We have great respect for those pioneers who literally carved the early Wachovia settlements of Bethabara, Bethania, Salem, Friedberg, Friedland, and Hope out of the wilderness. How much were they able to accomplish, how much labor did it take, and how much they had to know to accomplish all they did!
Sometimes, though, it is comforting to us who are aware of our own mistakes and inadequacies to realize that those intrepid souls did not always get everything right either.
A good example of this comes from the early days of building Salem when they were clearing land for agricultural fields near where Broad Street now runs down by the Duke Power sub-station.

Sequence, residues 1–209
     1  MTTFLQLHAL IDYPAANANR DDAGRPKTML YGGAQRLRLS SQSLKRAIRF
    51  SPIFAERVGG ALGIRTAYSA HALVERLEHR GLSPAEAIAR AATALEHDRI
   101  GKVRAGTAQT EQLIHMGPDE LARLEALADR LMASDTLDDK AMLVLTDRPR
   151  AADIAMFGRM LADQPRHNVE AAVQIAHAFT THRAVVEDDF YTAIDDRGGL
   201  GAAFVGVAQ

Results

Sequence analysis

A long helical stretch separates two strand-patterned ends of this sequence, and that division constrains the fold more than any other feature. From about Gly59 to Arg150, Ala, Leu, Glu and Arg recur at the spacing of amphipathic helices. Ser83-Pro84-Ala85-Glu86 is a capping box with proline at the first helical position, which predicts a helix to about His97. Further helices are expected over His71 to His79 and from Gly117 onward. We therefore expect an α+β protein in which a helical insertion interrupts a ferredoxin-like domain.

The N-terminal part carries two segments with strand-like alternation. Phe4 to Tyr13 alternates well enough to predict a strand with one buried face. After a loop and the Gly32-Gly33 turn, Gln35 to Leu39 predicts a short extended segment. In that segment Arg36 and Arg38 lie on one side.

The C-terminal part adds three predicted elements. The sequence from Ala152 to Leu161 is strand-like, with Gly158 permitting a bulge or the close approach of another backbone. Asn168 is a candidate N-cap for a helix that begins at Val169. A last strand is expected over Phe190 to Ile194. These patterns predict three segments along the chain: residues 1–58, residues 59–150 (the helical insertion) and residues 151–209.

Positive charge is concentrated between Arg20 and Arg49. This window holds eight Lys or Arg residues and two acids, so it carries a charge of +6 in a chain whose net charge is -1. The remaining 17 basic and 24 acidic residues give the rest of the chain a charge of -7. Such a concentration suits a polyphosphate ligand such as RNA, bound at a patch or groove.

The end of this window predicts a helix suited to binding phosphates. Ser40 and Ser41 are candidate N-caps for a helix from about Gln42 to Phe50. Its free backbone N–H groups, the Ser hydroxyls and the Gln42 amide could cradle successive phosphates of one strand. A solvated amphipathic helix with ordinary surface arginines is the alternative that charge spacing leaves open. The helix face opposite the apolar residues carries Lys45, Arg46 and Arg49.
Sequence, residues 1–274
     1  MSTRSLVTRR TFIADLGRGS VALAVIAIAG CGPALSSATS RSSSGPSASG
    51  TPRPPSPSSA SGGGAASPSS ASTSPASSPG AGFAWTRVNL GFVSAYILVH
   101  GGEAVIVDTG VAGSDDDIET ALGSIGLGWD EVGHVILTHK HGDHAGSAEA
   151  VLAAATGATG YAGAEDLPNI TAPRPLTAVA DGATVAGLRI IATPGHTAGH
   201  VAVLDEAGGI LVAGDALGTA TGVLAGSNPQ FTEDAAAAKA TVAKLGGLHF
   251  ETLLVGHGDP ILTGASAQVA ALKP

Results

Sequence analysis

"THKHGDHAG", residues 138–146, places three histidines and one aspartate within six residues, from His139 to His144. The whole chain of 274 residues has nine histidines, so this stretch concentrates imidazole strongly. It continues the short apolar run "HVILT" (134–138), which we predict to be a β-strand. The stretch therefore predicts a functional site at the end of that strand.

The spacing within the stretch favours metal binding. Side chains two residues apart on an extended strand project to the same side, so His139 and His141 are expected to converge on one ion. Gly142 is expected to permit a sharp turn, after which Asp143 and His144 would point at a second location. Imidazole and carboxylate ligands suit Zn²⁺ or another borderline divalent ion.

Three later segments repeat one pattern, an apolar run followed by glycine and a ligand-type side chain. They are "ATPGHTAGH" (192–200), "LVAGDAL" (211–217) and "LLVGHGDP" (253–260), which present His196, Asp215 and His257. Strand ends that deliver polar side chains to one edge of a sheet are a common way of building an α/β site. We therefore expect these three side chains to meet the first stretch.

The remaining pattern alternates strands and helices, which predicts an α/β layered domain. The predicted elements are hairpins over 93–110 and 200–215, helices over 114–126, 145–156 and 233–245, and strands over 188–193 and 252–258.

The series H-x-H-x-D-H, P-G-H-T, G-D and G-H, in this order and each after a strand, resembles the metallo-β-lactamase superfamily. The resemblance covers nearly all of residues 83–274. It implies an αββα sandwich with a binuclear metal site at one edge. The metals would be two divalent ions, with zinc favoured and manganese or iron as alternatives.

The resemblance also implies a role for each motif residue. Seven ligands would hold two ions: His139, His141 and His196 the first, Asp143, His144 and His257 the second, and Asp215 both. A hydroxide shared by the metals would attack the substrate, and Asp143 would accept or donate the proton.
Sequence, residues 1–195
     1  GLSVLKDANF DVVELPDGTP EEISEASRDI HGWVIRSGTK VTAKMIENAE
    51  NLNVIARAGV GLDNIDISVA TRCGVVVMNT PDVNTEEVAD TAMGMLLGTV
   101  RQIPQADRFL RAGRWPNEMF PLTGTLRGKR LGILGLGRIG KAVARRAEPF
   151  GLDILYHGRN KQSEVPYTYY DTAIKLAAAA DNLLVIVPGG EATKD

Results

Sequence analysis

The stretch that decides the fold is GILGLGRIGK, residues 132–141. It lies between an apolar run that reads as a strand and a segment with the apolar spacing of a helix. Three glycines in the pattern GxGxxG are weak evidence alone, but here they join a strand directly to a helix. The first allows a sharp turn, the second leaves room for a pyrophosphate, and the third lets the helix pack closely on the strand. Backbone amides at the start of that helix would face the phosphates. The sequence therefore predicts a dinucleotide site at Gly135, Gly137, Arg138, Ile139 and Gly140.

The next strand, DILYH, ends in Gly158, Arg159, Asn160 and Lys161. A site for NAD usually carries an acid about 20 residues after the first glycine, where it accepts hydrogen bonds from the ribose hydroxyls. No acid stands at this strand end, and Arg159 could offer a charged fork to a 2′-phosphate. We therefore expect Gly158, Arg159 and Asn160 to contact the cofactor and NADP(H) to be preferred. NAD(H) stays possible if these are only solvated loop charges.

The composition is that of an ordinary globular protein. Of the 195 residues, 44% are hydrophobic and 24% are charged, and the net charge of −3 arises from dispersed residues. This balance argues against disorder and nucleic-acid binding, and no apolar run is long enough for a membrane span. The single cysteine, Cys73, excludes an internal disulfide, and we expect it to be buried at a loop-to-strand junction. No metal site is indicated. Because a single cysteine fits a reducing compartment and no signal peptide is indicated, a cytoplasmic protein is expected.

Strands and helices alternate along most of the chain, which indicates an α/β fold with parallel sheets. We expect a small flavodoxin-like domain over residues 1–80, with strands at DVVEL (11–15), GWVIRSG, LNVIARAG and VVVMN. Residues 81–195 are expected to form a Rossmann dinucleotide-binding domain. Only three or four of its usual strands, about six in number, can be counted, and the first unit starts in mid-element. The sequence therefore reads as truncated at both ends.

Trees had been cut, but the stumps remained. Digging them out would have involved untold labor, so they decided to plant small casks of gunpowder among the roots and simply blow them out. That worked fine.
At one stump, however, the gunpowder was placed, the long fuse was run, everyone took cover, and fire was applied. The smoldering trail ran quickly until it reached the little barrel and then Pffft! Nothing happened.
After a while they approached the stump to see what had happened. One bright soul said “The hole isn’t big enough. I’ll fix it.” He thereupon took out a chisel and hammer, placed the chisel at the hole in the barrel where the fuse went in, and swung the hammer. The hammer hit a glancing blow, sparks flew everywhere, and the result can easily be imagined.
Fortunately, none of the Brethren were greatly injured, and the chisel wielding Brother did not lose his hand. We still have not found the hammer, however. For all we know it may have landed somewhere towards the Adam Spach Rock House down in Davidson County.
The Reverend Dr. C. Daniel Crews